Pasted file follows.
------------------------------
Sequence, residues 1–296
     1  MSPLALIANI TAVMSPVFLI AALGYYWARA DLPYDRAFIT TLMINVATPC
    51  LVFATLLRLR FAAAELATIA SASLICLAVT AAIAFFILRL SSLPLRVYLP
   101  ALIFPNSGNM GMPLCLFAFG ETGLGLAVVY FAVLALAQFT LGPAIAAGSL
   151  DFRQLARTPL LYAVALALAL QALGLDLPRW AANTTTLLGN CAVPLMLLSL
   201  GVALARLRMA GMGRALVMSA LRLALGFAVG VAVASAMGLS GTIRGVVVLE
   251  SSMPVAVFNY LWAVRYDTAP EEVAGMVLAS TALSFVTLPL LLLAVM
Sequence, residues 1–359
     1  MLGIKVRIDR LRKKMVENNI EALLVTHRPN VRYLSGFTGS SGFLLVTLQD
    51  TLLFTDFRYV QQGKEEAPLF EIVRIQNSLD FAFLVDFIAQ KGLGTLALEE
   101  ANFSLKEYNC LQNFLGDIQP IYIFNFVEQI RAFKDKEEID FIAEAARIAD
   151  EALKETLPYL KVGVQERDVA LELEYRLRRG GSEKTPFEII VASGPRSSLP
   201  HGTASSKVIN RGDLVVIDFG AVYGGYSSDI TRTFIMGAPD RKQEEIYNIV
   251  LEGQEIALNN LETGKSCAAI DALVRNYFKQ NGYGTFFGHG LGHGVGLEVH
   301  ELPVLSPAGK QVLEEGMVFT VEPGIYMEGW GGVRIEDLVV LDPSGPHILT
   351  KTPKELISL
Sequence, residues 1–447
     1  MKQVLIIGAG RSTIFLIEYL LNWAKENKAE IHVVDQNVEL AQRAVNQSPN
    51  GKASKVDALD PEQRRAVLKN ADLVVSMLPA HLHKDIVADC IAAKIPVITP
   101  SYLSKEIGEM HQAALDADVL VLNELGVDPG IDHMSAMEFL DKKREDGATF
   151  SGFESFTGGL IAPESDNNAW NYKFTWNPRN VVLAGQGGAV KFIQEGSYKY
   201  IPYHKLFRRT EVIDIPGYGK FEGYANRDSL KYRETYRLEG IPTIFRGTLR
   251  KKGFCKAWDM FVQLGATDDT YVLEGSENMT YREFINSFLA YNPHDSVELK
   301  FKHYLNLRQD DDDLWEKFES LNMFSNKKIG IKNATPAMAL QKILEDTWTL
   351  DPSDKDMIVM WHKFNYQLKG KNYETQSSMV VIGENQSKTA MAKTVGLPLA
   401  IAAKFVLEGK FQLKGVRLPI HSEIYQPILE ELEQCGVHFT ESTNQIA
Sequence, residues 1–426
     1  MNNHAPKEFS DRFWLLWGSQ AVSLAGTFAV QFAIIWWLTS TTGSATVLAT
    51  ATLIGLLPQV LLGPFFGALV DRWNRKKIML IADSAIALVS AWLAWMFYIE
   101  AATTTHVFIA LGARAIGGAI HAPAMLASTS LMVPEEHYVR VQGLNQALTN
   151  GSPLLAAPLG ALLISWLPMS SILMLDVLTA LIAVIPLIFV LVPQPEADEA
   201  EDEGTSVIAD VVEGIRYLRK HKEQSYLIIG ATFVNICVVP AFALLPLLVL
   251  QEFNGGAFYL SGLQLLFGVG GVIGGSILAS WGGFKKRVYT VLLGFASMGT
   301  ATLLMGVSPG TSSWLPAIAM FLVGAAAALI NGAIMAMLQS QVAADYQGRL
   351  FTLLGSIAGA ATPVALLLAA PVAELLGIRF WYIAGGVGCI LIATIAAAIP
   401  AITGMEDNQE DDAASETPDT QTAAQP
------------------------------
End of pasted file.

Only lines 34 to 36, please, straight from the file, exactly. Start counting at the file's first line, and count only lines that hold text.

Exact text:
   301  ATLLMGVSPG TSSWLPAIAM FLVGAAAALI NGAIMAMLQS QVAADYQGRL
   351  FTLLGSIAGA ATPVALLLAA PVAELLGIRF WYIAGGVGCI LIATIAAAIP
   401  AITGMEDNQE DDAASETPDT QTAAQP